Thursday, August 06, 2009

Honduran Coup: The U.S. Connection

Honduran Coup: The U.S. Connection
Conn Hallinan
Foreign Policy In Focus
August 6, 2009

While the Obama administration was careful to distance
itself from the recent coup in Honduras - condemning the
expulsion of President Manuel Zelaya to Costa Rica,
revoking Honduran officials' visas, and shutting off aid
- that doesn't mean influential Americans aren't
involved, and that both sides of the aisle don't have
some explaining to do.

The story most U.S. readers are getting about the coup
is that Zelaya - an ally of Venezuelan President Hugo
Chavez - was deposed because he tried to change the
constitution to keep himself in power.

That story is a massive distortion of the facts. All
Zelaya was trying to do is to put a non-binding
referendum on the ballot calling for a constitutional
convention, a move that trade unions, indigenous groups,
and social activist organizations had long been lobbying
for. The current constitution was written by the
Honduran military in 1982, and the one-term limit allows
the brass-hats to dominate the politics of the country.
Since the convention would have been held in November,
the same month as the upcoming presidential elections,
there was no way Zelaya could have remained in office in
any case. The most he could have done was to run four
years from now.

And while Zelaya is indeed friendly with Chavez, he is
at best a liberal reformer whose major accomplishment
was raising the minimum wage. "What Zelaya has done has
been little reforms," Rafael Alegria, a leader of Via
Campesina, told the Mexican daily La Jornada. "He isn't
a socialist or a revolutionary, but these reforms, which
didn't harm the oligarchy at all, have been enough for
them to attack him furiously."

One of those "little reforms" was aimed at ensuring
public control of the Honduran telecommunications
industry, which may well have been the trip-wire that
triggered the coup.

The first hint that something was afoot was a suit
brought by Venezuelan lawyer Robert Carmona-Borjas
claiming that Zelaya was part of a bribery scheme
involving the state-run telecommunication company

Carmona-Borjas has a rap-sheet that dates back to the
April 2002 coup against Chavez. He drew up the notorious
"Carmona decrees," a series of draconian laws aimed at
suspending the Venezuelan constitution and suppressing
any resistance to the coup. As Chavez supporters poured
into the streets and the plot unraveled, Carmona-Borjas
fled to Washington, DC. He took a post at George
Washington University and brought Iran-Contra plotters
Otto Reich and Elliott Abrams to teach his class on
"Political Management in Latin America." He also became
vice-president of the right-wing Arcadia Foundation,
which lobbies for free-market policies. Weeks before the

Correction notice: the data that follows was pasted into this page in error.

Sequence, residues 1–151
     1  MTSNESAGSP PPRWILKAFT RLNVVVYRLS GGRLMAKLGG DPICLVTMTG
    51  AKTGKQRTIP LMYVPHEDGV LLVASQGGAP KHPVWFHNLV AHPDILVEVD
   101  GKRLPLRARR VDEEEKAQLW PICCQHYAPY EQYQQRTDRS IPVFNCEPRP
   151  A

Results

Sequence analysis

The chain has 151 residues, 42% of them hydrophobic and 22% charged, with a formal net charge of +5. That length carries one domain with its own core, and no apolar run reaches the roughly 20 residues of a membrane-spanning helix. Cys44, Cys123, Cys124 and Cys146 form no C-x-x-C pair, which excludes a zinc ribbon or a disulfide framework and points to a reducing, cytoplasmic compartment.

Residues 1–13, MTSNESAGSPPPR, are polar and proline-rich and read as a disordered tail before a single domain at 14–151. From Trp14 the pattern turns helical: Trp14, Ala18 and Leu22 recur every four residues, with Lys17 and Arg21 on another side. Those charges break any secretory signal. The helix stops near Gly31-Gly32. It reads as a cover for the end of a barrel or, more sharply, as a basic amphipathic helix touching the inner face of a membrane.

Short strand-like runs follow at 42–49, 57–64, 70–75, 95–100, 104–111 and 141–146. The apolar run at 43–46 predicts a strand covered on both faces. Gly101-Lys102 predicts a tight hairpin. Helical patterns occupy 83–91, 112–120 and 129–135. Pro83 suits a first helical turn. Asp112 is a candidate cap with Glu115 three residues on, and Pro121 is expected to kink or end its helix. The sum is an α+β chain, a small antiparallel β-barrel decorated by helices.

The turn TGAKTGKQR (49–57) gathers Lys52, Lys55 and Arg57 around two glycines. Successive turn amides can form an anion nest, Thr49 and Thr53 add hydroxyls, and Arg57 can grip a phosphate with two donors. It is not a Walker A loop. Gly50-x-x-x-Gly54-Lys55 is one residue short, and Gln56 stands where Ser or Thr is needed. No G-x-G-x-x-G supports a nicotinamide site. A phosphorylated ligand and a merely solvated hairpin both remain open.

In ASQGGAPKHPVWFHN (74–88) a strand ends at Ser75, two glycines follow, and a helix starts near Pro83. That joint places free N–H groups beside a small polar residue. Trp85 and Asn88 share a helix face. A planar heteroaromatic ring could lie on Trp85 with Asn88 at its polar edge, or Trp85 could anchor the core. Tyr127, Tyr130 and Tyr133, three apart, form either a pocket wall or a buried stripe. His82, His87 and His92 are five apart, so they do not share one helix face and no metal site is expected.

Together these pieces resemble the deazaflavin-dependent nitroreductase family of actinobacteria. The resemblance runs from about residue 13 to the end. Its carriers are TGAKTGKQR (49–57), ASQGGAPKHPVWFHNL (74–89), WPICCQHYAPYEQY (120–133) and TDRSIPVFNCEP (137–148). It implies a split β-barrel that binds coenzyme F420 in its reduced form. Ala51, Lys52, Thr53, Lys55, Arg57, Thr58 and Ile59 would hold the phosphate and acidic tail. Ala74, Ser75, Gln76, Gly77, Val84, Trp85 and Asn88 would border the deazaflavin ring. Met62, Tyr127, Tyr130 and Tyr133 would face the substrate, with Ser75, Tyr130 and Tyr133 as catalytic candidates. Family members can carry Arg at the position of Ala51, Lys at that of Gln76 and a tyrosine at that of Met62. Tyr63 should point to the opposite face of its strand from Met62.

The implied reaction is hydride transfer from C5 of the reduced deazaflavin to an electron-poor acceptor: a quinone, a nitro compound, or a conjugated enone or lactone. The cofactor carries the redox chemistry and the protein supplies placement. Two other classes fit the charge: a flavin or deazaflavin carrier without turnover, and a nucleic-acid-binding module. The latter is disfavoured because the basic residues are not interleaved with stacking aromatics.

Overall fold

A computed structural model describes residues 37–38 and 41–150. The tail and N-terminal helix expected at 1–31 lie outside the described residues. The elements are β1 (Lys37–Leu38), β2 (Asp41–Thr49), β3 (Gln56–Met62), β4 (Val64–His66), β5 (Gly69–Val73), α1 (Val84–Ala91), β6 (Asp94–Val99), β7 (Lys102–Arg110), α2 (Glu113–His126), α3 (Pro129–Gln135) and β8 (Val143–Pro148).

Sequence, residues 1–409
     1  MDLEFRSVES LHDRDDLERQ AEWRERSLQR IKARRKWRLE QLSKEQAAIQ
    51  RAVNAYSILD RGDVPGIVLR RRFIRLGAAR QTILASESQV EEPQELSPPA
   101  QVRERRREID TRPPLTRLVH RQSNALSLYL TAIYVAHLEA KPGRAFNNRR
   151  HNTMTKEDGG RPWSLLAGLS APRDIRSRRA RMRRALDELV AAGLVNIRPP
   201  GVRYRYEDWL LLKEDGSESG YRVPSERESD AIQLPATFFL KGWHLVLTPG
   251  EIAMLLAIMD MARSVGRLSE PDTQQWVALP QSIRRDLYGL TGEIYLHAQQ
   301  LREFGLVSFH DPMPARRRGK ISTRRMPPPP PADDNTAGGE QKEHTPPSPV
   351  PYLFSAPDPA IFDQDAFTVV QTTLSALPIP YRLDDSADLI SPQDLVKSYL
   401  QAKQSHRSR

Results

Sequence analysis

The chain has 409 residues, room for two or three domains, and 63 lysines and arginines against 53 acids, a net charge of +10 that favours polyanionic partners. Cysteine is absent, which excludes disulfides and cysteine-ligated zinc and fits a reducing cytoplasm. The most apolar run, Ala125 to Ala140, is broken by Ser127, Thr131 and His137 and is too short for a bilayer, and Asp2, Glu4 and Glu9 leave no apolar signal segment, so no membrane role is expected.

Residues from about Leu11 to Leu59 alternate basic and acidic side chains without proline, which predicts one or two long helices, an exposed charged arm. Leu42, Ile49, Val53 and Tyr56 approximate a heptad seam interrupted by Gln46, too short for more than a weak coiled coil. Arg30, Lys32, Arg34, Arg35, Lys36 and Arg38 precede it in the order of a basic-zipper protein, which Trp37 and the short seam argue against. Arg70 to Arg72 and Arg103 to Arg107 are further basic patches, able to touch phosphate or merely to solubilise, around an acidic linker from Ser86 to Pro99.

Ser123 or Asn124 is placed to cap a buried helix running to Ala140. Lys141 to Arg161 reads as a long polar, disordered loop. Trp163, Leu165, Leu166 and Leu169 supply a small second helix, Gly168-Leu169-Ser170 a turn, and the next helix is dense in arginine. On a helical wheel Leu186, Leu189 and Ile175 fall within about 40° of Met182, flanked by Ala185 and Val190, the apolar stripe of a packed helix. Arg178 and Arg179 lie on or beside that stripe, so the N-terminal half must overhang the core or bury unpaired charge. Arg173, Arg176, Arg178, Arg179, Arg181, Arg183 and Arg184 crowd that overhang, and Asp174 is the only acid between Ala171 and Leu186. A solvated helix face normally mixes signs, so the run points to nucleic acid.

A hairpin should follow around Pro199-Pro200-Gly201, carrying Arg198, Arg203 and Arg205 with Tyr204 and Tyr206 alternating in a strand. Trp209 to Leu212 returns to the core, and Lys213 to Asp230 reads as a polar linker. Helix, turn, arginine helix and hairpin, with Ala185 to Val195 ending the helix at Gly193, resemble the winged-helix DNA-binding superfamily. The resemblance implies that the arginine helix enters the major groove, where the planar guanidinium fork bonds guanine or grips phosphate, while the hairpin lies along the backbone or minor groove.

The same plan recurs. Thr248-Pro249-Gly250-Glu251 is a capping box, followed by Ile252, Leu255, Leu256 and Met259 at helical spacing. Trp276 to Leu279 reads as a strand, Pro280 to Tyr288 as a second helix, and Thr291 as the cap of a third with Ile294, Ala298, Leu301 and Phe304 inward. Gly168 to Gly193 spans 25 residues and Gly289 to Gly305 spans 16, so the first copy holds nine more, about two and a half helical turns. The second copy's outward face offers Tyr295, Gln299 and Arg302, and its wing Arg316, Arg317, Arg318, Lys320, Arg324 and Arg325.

June 28 Honduran coup, Carmona-Borjas barnstormed the
country accusing Zelaya of collaborating with narco-

Carmona-Borjas' colleague, Reich, a Cuban American with
ties to right-wing factions all over Latin America and
former assistant secretary of State for hemispheric
affairs under George W. Bush, has been accused by the
Honduran Black Fraternal Organization of "undeniable
involvement" in the coup.

This is hardly surprising. Reich was nailed by a 1987
congressional investigation for using public funds to
engage in propaganda during the Reagan administration's
war on Nicaragua. He is also a fierce advocate for
Orlando Bosch and Luis Posada Carriles, both implicated
in the bombing of a Cuban airliner in 1973 that killed
all 73 on board.

Reich is also a ferocious critic of Zelaya. In a recent
piece in the Weekly Standard, he urged the Obama
administration not to support "strongman" Zelaya because
it "would put the United States clearly in the same camp
as Cuba's Castro brothers, Venezuela's Chavez, and other
regional delinquents."

One of the charges that Reich levels at Zelaya is that
the Honduran president is supposedly involved with
bribes paid out by the state-run telecommunications
company Hondutel. Zelaya is threatening to file a
defamation suit over the accusation.

Reich's charges against Hondutel are hardly
happenstance, as he is a former AT&T lobbyist and served
as Senator John McCain's (R-AZ) Latin American advisor
during the senator's 2008 presidential campaign. McCain
has deep ties with telecom giants AT&T, MCI, and
Qualcomm and, according to Nikolas Kozloff, author of
Hugo Chavez: Oil, Politics and the Challenge of the
United States, "has acted to protect and look out for
the political interests of the telecoms on Capitol

AT&T, McCain's second largest donor, also generously
funds the International Republican Institute (IRI),
which has warred with Latin American regimes that have